Advances in the technology of home security equipment and the quality, scope and range, particularly of audio, have encouraged many people to invest in such devices.
However, are you breaking the law? If the camera records the goings-on confined or restricted to your own property, then it is unlikely the data protection regime will affect you. If the camera records a wider view of neighbouring property or those further afield, what are the rights of those affected?
Can they make a claim in nuisance caused by the loss of privacy?
As the law currently stands, no such claim arises but the law is currently under review. However, claims for harassment might be made. A court has already expressed concern at the ability of some devices with 2-way audio to be effective in varying degrees, up to 20 metres from the device.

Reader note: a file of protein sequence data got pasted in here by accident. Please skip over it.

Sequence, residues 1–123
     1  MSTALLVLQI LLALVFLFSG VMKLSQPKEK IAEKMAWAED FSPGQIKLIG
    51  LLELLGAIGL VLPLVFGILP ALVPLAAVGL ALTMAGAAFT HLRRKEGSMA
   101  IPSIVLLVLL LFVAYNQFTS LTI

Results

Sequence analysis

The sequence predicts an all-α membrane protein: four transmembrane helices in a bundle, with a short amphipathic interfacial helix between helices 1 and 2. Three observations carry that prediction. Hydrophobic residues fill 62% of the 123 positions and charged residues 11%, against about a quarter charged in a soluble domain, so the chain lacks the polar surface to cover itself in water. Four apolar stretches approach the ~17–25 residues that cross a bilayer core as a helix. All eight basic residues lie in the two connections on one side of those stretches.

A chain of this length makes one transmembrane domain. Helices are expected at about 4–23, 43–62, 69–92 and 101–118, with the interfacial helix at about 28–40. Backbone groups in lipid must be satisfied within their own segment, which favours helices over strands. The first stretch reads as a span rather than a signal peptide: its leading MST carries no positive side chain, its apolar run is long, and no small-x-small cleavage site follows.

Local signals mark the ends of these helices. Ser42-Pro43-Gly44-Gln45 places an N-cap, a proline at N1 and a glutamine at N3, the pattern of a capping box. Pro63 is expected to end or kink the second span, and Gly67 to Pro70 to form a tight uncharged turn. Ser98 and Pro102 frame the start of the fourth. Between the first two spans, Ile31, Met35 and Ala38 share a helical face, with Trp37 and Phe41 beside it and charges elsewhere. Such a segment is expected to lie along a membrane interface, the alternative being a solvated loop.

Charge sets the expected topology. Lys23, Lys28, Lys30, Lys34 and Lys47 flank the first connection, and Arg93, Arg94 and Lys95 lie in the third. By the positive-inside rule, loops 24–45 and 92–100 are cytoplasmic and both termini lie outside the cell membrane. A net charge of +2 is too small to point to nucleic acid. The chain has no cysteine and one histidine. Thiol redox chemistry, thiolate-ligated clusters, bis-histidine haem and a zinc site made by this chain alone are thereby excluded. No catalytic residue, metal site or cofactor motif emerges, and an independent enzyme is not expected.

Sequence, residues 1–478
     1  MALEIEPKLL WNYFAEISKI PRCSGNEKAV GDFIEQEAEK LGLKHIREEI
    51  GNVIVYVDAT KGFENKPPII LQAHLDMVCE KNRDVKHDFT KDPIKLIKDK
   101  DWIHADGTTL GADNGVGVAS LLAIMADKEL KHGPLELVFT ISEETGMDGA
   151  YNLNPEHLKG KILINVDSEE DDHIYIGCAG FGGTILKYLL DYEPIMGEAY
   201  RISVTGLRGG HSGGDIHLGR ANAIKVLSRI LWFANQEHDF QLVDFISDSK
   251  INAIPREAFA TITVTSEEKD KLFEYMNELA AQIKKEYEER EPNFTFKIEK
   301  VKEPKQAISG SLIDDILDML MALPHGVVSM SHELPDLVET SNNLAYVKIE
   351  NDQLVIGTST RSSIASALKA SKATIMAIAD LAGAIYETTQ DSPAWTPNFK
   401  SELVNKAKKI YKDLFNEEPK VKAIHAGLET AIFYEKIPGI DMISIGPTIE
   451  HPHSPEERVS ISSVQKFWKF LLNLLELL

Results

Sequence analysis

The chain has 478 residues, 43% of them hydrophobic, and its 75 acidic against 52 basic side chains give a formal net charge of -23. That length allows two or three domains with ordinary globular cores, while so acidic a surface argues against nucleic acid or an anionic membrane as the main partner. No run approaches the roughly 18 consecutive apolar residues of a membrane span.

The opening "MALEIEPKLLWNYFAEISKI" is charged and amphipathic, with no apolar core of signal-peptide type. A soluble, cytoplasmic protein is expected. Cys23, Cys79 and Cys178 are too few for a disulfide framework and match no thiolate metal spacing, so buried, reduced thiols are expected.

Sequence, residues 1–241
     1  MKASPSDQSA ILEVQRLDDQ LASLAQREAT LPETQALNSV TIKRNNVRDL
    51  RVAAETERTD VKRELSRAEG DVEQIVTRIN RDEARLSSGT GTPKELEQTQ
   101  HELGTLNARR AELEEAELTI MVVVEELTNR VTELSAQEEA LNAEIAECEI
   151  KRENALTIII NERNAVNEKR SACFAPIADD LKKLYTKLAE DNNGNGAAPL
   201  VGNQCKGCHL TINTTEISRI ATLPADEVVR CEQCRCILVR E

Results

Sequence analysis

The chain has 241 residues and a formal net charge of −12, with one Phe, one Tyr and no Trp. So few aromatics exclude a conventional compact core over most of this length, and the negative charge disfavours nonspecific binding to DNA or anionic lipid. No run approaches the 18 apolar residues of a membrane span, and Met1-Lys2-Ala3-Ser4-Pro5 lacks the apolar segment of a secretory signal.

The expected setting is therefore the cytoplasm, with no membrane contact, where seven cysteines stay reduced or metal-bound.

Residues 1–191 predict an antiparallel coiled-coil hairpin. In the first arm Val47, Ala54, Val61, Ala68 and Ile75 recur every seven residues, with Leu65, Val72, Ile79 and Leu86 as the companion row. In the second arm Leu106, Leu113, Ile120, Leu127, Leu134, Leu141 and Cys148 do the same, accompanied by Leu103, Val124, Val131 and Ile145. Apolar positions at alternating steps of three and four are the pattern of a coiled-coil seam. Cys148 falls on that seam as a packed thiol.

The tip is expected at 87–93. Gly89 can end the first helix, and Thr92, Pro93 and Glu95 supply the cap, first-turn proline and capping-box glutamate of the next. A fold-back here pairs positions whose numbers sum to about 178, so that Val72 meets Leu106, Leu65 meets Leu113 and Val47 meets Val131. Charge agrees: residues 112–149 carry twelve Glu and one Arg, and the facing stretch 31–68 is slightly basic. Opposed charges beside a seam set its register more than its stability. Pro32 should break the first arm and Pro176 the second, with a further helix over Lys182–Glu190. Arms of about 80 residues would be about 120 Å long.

The General Data Protection Regulations (GDPR) and the Data Protection Act 2018 may well apply to you as a data controller and for your devices to be compliant. You must demonstrate that you are collecting the video images or data in a way that complies and upholds the rights of people you are filming or recording. You need to be able to justify your reasons for doing so and be able to comply with any Subject Access Request you receive. This could include deleting stored images and audio data. If you breach the data protection laws, you may be at risk of legal action by those whose images or audio you have capture or for enforcement.
If you believe you might be affected by data stored on a neighbour’s security devise, or are a data controller, you should seek advice.
For further information please contact a member of the Litigation team.